Planning to Elope: Meet photographer Lynne Kennedy, Expert in Capturing Secret Weddings in Breathtaking Landscapes
27 Jan 2016
How would you describe your style of photography?
A large part of my work is elopements and very small weddings, which are often held outdoors in the stunning landscape of the Isle of Skye and the Scottish Highlands. My style is intimate and natural, particularly with elopements; I want my images to show the emotion and the connection between the couple, but also the beauty of the landscape they’ve chosen to marry in.
Who are your ideal clients?
I photograph such a diverse range of people, both in terms of their age and where they come from so I don’t think I have a ‘typical’ client base. I guess my ideal clients are people who are laid-back, relaxed and won’t worry if the plans have to change last minute due to the weather.
Photographers inject a lot of their personality into their work… what are your inspirations?
I am a die-hard romantic and a very open person. I totally wear my heart on my sleeve. I love meeting people and want to hear about their lives and their relationships and am completely comfortable in the presence of strangers. I think all of that enables my couples to relax in my company. I am good at making people feel comfortable about being photographed.
How far in advance should those interested look to book you? Do people stand a chance of getting you last minute?
Because most of my work is elopements and tiny weddings, they tend to be booked quite near to the wedding date and as it’s just the couple themselves or a few guests, it doesn’t always have to be a weekend. Most of my work this year is on weekdays. Often there is more flexibility if it is just a couple on their own, so if I’m booked we can work around it and have it the day before or after. My shortest booking to wedding date is five days.
What’s the most challenging part of photographing a wedding?
The most challenging thing for me is the weather. Scotland has a reputation for not having the greatest weather but still, so many people want to marry here. Most couples will have a back-up plan for if the weather isn’t good enough to hold the ceremony outside but often there are gaps where we can sneak out, even on the most horrible of days. A bit of wind and rain can often make for some great shots and some couples are more relaxed about how wet and cold they get than others.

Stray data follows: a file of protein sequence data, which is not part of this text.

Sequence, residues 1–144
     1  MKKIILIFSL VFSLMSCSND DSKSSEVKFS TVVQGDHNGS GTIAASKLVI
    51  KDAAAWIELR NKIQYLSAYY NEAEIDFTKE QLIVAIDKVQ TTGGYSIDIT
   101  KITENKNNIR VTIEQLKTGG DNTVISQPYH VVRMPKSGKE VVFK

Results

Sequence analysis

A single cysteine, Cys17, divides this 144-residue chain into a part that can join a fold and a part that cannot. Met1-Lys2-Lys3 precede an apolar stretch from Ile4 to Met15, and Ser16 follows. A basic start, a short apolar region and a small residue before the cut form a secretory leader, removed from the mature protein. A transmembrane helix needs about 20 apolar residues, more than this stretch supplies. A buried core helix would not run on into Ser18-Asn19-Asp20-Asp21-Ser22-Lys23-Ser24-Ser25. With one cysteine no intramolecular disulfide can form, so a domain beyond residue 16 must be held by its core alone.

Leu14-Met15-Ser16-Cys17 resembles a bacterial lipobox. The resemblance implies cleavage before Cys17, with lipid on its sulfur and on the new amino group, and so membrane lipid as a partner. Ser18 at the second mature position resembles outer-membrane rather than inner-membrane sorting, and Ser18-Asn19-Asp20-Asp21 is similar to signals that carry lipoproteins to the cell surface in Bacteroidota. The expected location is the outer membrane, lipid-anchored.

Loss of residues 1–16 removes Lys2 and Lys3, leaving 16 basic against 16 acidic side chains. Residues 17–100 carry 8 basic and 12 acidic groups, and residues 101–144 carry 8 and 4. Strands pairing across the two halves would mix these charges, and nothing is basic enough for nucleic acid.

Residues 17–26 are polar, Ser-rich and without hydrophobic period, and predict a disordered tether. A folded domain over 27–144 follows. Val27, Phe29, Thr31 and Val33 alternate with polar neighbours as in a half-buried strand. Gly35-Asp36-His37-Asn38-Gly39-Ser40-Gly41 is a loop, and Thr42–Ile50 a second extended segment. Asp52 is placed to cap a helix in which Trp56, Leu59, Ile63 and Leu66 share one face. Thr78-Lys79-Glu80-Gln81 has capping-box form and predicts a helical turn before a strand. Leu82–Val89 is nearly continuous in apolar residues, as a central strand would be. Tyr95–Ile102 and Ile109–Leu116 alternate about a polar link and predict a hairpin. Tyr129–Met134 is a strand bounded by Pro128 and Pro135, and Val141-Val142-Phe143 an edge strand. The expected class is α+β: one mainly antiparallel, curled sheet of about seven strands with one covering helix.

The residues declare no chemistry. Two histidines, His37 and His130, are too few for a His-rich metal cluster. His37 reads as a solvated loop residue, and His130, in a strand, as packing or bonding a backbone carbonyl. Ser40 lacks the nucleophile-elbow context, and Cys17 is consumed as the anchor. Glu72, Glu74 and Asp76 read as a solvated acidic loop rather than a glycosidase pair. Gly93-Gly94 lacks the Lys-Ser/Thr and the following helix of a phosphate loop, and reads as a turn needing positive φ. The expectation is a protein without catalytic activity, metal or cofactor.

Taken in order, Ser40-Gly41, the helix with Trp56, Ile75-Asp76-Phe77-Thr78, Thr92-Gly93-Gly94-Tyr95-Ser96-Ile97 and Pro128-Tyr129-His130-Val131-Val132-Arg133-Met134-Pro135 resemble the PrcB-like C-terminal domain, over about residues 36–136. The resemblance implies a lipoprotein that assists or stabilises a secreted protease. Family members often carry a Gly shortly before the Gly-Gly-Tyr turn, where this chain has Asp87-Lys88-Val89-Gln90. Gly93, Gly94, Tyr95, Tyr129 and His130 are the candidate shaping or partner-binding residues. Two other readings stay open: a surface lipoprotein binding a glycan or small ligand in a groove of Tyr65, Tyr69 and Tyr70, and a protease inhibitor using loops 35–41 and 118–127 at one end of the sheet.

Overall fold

How can couples help to ensure the best work?
Just to relax and trust that I am going to make them look good. I’m not going to give them unflattering photographs. They just need to concentrate on each other and what this day actually means. Enjoy the moment and leave the rest up to me.
What’s your opinion on group shots – can you give us an example of yours?
Although they can be one of the most challenging parts of a wedding, ie getting folk together and getting them all to look at the camera and not in every other direction. I do think group shots are really important, particularly with close family members. There will come a time when those folk might not be around anymore and so images that include them will be more treasured by the rest of the family. I try to have a wee joke with folk and relax them a bit. Often the ‘stiffness’ of these shots is because people don’t like being photographed. If they are relaxed you get much better results. That said, because I shoot mostly elopements, there are often no group shots to do.
In terms of trends, what do you think is the most interesting at the moment?
I don’t really follow trends. I just shoot the way I like to shoot and process the way I like images to look and hopefully there are people who like that enough to book me. There are lots of other photographers doing trendy stuff so if that’s what clients want, they have lots of choice, but I want to try and differentiate myself a bit.
What’s the most common misconception that you have to correct with couples: the thing you’d most like to communicate?
That being photographed is not going to be as bad as they think it is and they should just relax and enjoy the day.
What’s been your most memorable wedding to photograph, and why?
Probably the wettest wedding I’ve ever photographed. It was on top of a wee hill on the Isle of Skye: just a handful of guests and the weather wasn’t great. It was raining, then it stopped, then it started again – all morning. The couple, who were extremely laid back and wonderful, both work in the outdoors with nature and desperately wanted to be married outside.
We waited for a gap in the weather and up the hill we went but just at the start of the ceremony the heavens opened. Everyone was drenched and I (stupidly) had no waterproofing for my cameras. It was an incredibly emotional ceremony and I was aware through the whole thing how clearly besotted the couple was with each other. They didn’t care a hoot that they were soaking – they were so wrapped up in each other. It produced one of my most favourite shots and one that has had the biggest response from people whenever I’ve posted it online.
Can you tell us why you think wedding photography is worth the investment
A professional wedding photographer has experience of different venues, weather conditions, and lighting conditions so they should always be able to produce a strong set of well-exposed and beautifully composed images whatever the situation. Also, because of their experience, a professional will often anticipate moments that someone who doesn’t do the job for a living would probably miss. It is a big investment, but possibly the most important one.
Finally, if you weren’t a wedding photographer, what would you be?
An artisan baker and cheesemaker. Or working with dogs.